The Champlain Bridge under construction in July 2011. Photo courtesy of Adam Lenhardt.
ALBANY, N.Y. (AP) Some of the bridges Ted Zoli has designed get used by more vehicles in a few minutes than travel across the Lake Champlain Bridge during an entire day.
Still, there’s something about the six-month-old span connecting New York and Vermont that’s special to the award-winning bridge designer, and it has a lot to do with its location: the Adirondacks, where the Manhattan-based engineer was born.
“There’s something remarkable about the Adirondacks. It gets in your blood,” Zoli told The Associated Press by telephone from his New York City office.
Zoli was the keynote speaker May 19 for the opening ceremony of a two-day celebration of the bridge’s opening last November. Events were held at the Crown Point State Historic Site on the New York end of the bridge, and at Chimney Point State Historic Site in Addison on the Vermont side. A fireworks display closed out the celebration.
Organizers decided to hold off until May to host a community party for the new bridge, which replaced the original 80-year-old span that was demolished in December 2009. New York state bridge inspectors closed the span two months earlier after finding its concrete piers were deteriorating.
Soon after the bridge’s closing, Zoli’s Kansas City-based firm, HNTB, was hired by New York state to design the new bridge — and given 10 weeks to do it. New bridge designs typically take 18 to 24 months, Zoli said. His team met the compressed deadline, and construction of the new span began in the spring of 2010.
Part of the design process included seeking the public’s comment and Zoli speaking at well-attended meetings at locations in both states. Hundreds of people turned out for the gatherings, something that usually doesn’t occur for one of his urban bridge projects, Zoli said.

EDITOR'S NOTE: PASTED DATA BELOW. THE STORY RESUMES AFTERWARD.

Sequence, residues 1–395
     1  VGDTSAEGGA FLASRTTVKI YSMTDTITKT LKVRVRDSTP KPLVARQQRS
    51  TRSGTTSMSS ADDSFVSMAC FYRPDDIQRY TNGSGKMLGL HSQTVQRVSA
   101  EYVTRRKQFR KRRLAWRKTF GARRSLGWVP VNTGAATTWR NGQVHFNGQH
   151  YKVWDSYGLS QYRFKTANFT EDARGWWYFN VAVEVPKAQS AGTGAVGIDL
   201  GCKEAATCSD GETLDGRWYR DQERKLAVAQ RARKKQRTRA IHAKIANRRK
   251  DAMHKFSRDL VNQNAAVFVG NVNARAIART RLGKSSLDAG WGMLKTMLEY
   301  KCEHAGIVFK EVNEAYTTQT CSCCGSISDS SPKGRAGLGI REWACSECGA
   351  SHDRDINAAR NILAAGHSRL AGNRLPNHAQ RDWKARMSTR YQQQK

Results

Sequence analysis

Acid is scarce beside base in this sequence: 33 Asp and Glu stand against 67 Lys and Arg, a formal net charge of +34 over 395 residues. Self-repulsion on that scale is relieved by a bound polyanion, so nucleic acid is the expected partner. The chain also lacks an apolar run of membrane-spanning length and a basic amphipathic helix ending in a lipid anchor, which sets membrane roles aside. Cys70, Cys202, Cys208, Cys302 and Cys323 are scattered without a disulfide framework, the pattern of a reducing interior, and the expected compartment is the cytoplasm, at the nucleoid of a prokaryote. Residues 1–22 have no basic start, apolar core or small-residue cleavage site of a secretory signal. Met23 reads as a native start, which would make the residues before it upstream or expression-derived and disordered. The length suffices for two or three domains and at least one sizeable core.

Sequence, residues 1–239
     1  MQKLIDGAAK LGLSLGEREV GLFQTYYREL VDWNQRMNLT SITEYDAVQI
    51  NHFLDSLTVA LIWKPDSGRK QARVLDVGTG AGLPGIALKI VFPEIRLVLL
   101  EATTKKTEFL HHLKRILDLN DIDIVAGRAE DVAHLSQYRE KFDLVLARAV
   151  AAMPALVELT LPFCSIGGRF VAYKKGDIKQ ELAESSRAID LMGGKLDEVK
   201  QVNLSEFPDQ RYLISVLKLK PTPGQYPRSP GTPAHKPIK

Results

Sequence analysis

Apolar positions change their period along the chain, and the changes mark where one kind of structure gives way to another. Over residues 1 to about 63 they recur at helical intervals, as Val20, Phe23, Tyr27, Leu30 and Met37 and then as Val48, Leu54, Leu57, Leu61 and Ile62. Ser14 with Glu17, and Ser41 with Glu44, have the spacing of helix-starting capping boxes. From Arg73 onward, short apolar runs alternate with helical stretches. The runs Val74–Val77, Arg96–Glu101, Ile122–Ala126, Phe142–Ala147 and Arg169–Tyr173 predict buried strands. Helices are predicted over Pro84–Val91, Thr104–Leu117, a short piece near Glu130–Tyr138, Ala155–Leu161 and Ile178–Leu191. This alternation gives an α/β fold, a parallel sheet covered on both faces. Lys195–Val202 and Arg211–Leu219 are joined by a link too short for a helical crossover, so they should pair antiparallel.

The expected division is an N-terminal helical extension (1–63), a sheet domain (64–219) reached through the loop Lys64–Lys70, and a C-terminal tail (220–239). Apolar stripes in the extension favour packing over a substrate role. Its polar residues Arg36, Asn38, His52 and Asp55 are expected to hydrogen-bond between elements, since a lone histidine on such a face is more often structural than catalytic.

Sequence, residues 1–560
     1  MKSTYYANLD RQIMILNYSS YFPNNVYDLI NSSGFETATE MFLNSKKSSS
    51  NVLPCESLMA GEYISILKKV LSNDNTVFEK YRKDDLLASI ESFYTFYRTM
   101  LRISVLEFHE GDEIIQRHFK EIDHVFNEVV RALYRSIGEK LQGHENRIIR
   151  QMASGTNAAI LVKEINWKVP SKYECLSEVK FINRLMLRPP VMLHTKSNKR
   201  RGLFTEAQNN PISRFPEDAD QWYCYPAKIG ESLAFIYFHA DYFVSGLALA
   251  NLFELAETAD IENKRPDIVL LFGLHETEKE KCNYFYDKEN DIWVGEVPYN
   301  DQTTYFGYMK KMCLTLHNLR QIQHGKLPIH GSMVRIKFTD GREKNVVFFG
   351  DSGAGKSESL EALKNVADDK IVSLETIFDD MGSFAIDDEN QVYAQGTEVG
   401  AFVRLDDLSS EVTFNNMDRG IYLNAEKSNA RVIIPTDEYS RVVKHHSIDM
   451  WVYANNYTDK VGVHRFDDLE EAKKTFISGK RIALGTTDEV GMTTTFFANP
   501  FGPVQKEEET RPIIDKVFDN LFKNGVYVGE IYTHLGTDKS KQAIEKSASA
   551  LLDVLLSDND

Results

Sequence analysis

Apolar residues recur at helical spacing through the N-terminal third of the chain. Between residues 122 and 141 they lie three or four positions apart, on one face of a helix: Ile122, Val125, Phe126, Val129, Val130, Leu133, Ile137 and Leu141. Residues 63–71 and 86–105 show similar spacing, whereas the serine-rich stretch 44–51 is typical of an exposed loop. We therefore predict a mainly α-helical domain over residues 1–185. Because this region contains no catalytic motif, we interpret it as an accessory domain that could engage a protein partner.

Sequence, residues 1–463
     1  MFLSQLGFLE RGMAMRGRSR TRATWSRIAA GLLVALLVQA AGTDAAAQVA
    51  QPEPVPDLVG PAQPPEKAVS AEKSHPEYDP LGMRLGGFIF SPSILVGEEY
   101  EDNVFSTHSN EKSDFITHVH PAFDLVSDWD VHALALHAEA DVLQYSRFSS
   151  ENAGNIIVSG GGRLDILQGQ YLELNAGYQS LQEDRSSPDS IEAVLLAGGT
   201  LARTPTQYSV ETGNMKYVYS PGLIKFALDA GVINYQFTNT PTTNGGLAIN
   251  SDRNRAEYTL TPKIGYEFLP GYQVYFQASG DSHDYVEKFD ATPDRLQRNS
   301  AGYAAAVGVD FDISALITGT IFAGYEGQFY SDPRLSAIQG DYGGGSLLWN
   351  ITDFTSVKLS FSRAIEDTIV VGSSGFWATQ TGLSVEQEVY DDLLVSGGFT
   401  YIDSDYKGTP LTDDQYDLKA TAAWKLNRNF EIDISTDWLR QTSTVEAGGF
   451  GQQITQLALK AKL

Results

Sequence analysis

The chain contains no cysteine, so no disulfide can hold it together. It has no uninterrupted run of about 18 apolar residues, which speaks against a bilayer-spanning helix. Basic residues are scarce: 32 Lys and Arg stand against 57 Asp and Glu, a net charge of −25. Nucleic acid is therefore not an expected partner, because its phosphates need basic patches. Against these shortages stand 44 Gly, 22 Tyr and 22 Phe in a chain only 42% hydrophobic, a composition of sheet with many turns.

“It helps when you can directly connect your work with the people served,” Zoli said.
And even though many of those he encountered were inconvenienced by 100-mi. detours before a temporary ferry system was started in early 2010, the engineer said he and his colleagues always felt welcome. Having been born in the Adirondacks and raised in their southern foothills in Glens Falls, Zoli knew how much the old bridge meant to local residents and how its loss affected their lives.
“The patience and respect people in the region showed us ... that would take your breath away,” he said.
The Lake Champlain Bridge, located 100 mi. north of Albany, is used by about 3,500 vehicles daily. Boston’s Zakim Bridge, also a Zoli design, handles more than that in a half hour. But Zoli said each bridge he designs shares a common trait: they belong to the people who use them.
“We’re using taxpayer money to make them a bridge,” he said. “Somehow we tend to forget all that.”
The new bridge’s design, known as a modified network tied arch, features a half arch over the middle, with cables strung in an X-shape connecting the arch to the bridge deck. The Adirondacks rise to the west, while Vermont’s Green Mountains climb to the east. Motorists, pedestrians and bicyclist get a scenic view when they cross the 2,184-ft.-long span.
Zoli was the recipient of a MacArthur Foundation “genius grant” in 2009, and last month he was awarded the construction industry’s most prestigious honor, Engineering News-Record’s Award of Excellence. HNTB’s national bridge chief engineer also has plenty of fans along Lake Champlain’s southern end, where the new bridge has received rave reviews from locals.
“I have never heard a negative reaction to it,” said Sue Hoxie, spokeswoman of the organization staging the celebration. “This new bridge is just a beauty.”
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